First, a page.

Asim graduated with an LLB Law degree in summer 2019. Since graduating he has completed training to provide mentoring support to care-leavers studying at the University of Bradford.
Asim spoke to us about how his own experience inspired him to get involved with the mentoring programme, and how he hopes to help other students in the future.
"I've been looking at graduate jobs and 'normal' jobs which require a degree.
"I've looked at banking jobs, legal jobs, and I'm interested in a graduate role at Aldi. They do a good scheme and are enthusiastic about graduates who are ambitious and keen to progress."
"I feel that studying law has helped me to aim high, speak more clearly and focus on being articulate.
"It's opened up a lot of pathways for me. Hopefully, these skills are going to help me to get graduate jobs, to progress and to be successful."
Law was a good fit for me because I'm happy talking about things, reaching out to people and deciding what's right and wrong. It's taught me to look at my options, not to figure out what's easy, but to figure out what's best. I believe the more you enjoy something, the better you'll do. Asim Hussain
You're also involved in a mentoring programme for care leavers?
"Yes, I recently completed a full day of training to be a mentor for first-year care leavers.
"We're going to be working with first-year students who are literally leaving home from a care home and progressing to university.
"They don't necessarily stay in contact with the people who have taken care of them or the friends they had, so I would underline that they are often alone."
What are the aims of the mentoring programme?
"The focus of the mentoring programme is to help the students become self-sufficient and independent.
"We will try to figure out how to help them progressively. For example, if a student is struggling with time management we can work out a timetable, or figure out when the best time is for them to focus.
"We can help them to think about what they can do to answer their own questions, rather than us just giving them the answers.
"For example, hearing that somebody is struggling with an assignment we can ask 'well, what can we do to fix that struggle?'
"It's not a question they'll necessarily ask themselves when they're all alone. They'll probably focus on the fact that they aren't doing great, and leave it at that."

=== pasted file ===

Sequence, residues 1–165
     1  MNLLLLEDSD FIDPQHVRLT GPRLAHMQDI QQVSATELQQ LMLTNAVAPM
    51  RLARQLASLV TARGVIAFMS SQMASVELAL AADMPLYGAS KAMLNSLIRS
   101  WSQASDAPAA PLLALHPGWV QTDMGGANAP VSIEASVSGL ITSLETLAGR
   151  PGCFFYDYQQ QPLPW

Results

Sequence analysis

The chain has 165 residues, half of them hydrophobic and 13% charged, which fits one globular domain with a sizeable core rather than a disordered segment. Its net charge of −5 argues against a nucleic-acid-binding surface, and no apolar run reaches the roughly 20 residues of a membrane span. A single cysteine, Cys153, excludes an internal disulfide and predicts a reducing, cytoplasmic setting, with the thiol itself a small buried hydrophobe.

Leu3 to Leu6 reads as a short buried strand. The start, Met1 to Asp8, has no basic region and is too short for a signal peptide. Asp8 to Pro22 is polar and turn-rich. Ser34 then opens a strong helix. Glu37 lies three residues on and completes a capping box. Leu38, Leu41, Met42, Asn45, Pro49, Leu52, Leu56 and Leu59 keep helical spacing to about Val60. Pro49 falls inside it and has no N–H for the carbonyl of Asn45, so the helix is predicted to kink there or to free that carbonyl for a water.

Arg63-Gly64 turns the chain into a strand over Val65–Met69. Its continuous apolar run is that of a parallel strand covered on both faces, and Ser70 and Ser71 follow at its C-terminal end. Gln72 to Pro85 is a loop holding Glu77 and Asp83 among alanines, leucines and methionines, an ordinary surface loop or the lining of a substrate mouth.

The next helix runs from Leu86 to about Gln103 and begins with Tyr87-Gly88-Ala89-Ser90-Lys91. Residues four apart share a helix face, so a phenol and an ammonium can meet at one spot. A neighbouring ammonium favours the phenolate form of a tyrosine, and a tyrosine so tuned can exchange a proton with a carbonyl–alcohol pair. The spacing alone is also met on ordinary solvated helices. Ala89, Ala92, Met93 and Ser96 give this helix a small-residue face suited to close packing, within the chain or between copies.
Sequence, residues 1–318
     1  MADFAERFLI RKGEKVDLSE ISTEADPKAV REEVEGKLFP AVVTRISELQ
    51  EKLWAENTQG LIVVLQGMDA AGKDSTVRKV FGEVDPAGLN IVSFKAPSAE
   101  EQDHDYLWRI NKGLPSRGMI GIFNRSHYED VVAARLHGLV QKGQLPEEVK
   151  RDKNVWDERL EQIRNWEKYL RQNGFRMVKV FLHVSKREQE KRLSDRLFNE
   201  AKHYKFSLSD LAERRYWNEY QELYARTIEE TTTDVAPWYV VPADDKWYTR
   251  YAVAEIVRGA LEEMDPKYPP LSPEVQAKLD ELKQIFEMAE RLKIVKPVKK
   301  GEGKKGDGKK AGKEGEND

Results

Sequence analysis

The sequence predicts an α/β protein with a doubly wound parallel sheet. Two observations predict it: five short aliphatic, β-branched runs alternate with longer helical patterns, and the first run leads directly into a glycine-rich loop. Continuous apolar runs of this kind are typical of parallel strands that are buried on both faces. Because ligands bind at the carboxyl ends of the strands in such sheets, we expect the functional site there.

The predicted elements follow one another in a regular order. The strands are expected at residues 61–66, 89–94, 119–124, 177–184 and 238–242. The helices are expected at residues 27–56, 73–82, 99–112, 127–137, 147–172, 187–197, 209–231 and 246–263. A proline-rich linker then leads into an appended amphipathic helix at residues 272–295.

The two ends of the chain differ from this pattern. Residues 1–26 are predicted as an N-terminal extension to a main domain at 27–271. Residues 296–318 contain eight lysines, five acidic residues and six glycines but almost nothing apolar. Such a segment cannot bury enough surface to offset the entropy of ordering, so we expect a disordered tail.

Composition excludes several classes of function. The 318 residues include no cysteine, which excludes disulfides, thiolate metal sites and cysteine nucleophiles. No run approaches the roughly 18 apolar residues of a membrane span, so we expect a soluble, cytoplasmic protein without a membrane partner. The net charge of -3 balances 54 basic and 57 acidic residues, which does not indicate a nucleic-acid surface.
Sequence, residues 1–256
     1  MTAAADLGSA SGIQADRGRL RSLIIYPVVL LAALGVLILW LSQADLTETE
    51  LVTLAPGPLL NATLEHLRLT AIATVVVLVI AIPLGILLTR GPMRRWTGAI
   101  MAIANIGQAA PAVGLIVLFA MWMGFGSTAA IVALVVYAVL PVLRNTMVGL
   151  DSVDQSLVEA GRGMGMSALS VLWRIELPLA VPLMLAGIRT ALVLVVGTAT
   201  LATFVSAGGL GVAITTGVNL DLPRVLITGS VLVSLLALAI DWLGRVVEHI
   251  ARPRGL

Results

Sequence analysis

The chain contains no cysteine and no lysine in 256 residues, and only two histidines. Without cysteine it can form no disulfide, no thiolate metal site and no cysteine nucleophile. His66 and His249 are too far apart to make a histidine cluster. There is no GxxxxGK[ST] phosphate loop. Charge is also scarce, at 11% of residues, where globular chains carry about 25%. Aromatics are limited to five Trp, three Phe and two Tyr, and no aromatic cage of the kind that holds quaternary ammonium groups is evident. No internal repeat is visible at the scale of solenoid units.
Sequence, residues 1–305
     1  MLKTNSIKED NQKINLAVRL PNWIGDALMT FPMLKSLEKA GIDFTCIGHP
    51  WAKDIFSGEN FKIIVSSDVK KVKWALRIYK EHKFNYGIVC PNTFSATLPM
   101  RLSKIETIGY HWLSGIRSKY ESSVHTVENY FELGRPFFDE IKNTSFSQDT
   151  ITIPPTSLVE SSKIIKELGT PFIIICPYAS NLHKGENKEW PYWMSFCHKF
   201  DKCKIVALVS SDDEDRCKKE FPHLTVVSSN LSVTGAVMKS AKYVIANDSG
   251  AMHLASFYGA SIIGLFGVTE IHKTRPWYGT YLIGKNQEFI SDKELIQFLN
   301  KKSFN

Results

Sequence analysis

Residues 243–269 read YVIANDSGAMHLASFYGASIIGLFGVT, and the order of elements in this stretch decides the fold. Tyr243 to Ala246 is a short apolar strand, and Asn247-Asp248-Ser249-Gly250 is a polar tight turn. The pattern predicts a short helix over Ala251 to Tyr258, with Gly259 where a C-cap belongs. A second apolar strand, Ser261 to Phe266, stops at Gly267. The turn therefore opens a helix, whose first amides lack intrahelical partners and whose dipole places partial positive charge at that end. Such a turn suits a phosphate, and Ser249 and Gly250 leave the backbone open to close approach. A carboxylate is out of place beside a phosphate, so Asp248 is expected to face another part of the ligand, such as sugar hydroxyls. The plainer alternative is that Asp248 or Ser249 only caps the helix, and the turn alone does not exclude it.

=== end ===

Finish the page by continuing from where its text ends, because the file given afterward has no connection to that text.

At university, there's an expectation of having friends and family. Some students, especially care leavers, don't necessarily have that, and sometimes when you're on your own and not doing so great you just need somebody to hear you out. Asim Hussain
"I know that university can be a struggle for a lot of people, we have issues in different forms.
"From my own experience - things didn't really work out with my parents and I was moved over to my grandparents from the age of nine. I had only seen them about once a month so they weren't necessarily familiar to me.
"There were times when I felt alone and that I didn't quite fit in."
"I don't feel that way now because my grandparents have done a great job, and my uncle and auntie, they've done everything to make me feel better.
"But I realised that some students don't have that support. I think back to the small times when I felt alone - it might be a large amount of time for them.
"I feel that I want to do my part to help out, to use my own experience as an example that if I can manage, you can more than manage."
Did you receive any support as a student?
"Yes, I did. I had a lot of support from my friends. There was a time when I felt like I wasn't able, and people were telling me 'look, you've made it this far, there must be a reason. You wouldn't have got into university if you weren't capable'.
"I'll be using those exact words for somebody else, to help them see for themselves that they are very much capable.
"Even in the face of all the adversity they've had, they've made it this far and they'll make it even further."
What do you hope to get out of the mentoring experience?
"I'm hoping to help somebody progress - even to help just one person to really believe in themselves a little bit more than they did yesterday.
"I also feel it will teach me skills and ways to adapt to people who come from a difficult background. It might be extremely difficult, but that's something I'm going to learn to cope with.
"It's going to teach me how to use a balance of empathy and encouragement. At the end of the day, we're not going to be there as counsellors because that's a job for somebody else. We're going to be there to listen, be empathetic and use our own experiences to help someone."
As mentors, we're hoping to put into perspective that university doesn't necessarily need to be difficult, you're not on your own, you have support and you are very much capable. Asim Hussain